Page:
Hug Your Rheumatologist: The Shortage is Coming
by Dr. David Borenstein, M.D. Executive Editor TheSpineCommunity.com
As advances are made in medical therapy for rheumatic disease, will there be rheumatologists available to prescribe these drugs? Is there a shortage of rheumatologists?
The recent American College of Rheumatology (ACR) Workforce Study suggests that a gap exists between rheumatologist supply and patient demand. And it will become worse over the next 15 years. The study looked at a number of methodologies to determine the number of rheumatologists, frequency of rheumatic disorders, the training of new rheumatologists and allied health professionals, and patient workload for physicians. Rheumatologists were separated into adult and pediatric categories.
The study was able to count board-certified rheumatologists, but not all of these physicians were seeing patients five days a week. Some were not full time. Some were retired and others in industry. Some were in academic practice where teaching and administrative responsibilities decreased clinical time with patients. Considering the ages of current rheumatologists, an estimate was made that 50% of adult and 32% of pediatric rheumatologists will retire over the next 10 years.
The prevalence of doctor-diagnosed arthritis was 52.5 million in 2012. In 2030, 67 million patients will have rheumatic disease. Over this period of time the number of time adult rheumatologists will go from 5,595 to 4,246, while pediatric rheumatologists will go from 300 to 251. The estimated physician number to meet demand is 8,284 adult and 461 pediatric rheumatologists in 2030.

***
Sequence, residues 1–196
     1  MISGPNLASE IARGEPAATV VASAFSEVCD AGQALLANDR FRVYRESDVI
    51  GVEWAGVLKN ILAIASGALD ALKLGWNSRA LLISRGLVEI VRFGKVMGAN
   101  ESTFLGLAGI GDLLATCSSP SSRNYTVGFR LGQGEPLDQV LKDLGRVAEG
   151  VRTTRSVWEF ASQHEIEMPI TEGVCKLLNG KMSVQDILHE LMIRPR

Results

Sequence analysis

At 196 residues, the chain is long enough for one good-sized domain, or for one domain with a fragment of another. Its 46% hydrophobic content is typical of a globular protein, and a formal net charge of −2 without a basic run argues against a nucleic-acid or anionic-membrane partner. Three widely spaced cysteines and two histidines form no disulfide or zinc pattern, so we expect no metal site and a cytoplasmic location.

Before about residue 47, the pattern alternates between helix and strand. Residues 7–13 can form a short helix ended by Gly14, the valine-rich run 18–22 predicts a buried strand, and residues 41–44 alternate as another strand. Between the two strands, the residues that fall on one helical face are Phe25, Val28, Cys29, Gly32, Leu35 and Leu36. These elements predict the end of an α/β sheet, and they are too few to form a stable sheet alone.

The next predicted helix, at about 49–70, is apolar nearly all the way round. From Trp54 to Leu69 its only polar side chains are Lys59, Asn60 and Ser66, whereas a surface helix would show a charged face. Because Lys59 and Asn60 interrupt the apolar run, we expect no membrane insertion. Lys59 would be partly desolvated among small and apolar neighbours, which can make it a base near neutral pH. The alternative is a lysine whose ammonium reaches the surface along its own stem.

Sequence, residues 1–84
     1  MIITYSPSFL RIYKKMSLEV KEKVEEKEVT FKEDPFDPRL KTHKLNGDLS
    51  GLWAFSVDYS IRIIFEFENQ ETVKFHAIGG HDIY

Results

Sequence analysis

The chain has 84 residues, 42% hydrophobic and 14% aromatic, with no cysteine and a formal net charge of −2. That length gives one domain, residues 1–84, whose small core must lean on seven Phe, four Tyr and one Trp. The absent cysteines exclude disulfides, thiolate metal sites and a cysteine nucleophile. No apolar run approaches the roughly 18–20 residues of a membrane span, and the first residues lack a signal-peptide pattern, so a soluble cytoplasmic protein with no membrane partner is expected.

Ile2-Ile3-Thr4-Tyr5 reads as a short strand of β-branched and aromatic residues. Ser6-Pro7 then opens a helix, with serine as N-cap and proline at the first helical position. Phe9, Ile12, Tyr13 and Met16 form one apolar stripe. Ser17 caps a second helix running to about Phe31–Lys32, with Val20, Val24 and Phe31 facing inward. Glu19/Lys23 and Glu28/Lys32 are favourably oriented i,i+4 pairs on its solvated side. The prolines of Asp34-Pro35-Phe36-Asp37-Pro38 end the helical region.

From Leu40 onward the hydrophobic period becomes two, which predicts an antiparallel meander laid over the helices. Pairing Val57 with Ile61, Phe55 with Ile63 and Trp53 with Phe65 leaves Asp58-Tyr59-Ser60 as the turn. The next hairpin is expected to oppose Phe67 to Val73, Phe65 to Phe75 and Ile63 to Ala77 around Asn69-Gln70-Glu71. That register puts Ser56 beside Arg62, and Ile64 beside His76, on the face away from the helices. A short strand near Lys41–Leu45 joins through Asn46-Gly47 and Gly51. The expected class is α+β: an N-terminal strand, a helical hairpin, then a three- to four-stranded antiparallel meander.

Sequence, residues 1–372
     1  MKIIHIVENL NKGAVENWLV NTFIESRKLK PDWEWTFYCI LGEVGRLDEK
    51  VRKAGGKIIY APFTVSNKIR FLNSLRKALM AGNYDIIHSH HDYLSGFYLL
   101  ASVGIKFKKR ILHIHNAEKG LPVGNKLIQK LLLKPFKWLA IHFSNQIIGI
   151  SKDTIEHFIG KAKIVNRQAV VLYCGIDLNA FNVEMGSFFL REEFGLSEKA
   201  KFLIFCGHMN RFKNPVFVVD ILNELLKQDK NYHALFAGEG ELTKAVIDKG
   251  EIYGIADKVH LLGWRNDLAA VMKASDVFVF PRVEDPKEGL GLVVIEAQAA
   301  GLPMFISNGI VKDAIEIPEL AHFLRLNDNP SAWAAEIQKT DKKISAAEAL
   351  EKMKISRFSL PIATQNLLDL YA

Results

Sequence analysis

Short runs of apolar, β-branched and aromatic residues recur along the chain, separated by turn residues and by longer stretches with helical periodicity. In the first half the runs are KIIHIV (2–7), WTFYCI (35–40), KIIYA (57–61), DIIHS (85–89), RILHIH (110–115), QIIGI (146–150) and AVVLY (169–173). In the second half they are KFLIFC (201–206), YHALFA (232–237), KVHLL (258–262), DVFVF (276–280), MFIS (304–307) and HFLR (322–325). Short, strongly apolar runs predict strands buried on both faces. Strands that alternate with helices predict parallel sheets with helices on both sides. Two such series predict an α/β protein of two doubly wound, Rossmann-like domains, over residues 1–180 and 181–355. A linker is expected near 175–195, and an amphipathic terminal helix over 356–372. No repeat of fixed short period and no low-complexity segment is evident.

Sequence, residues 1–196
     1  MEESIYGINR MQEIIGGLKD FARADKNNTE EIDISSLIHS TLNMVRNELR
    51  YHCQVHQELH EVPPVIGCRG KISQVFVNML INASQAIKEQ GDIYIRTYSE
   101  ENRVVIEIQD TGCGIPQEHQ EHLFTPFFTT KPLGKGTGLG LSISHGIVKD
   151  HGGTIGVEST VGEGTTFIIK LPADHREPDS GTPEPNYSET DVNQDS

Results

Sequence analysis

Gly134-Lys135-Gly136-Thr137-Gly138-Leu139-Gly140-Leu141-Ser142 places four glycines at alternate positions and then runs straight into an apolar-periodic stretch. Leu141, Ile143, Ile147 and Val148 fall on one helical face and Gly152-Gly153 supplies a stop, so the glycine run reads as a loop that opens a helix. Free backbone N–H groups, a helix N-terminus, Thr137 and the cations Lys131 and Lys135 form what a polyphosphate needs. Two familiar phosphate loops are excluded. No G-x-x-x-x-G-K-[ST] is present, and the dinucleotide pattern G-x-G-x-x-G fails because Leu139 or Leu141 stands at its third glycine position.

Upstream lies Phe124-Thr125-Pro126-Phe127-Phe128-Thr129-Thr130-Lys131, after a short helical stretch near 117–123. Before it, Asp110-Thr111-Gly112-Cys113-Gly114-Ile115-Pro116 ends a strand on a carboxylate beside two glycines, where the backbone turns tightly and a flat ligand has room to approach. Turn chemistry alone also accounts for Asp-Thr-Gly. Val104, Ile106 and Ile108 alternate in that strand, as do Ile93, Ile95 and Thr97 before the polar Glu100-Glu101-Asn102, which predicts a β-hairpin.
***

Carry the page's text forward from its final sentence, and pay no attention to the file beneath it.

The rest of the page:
Other considerations include the change from 60% male rheumatologists in 2015 to 60% female in 2030. Work schedules may be different. Another consideration is the distribution of rheumatologists through the country. In the Northeast, the population to physician ratio is 26,676. In the Southwest, the ratio is 66,163. The corresponding pediatric ratio is 120,518 and 605,065 for the corresponding child populations.
In response to this report, the ACR is initiating measures to address this issue. The ACR is educating primary care physicians about rheumatic disorders that can be treated, in part, by internists and family physicians. The problem is there is a shortage of primary care doctors. The ACR, through the Association of Rheumatology Health Professionals is increasing the number of nurse practitioners, and physician assistants trained in rheumatic diseases. The ACR is also trying to reach out to increasing numbers of medical students and residents, to interest them in subspecialty of rheumatology.
Until these numbers are improved, if you have a rheumatologist, you should encourage them to stay in practice. You never know if there will be a replacement.
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Reference: The American College of Rheumatology 2015 Workforce Study prepared by Academy for Academic Leadership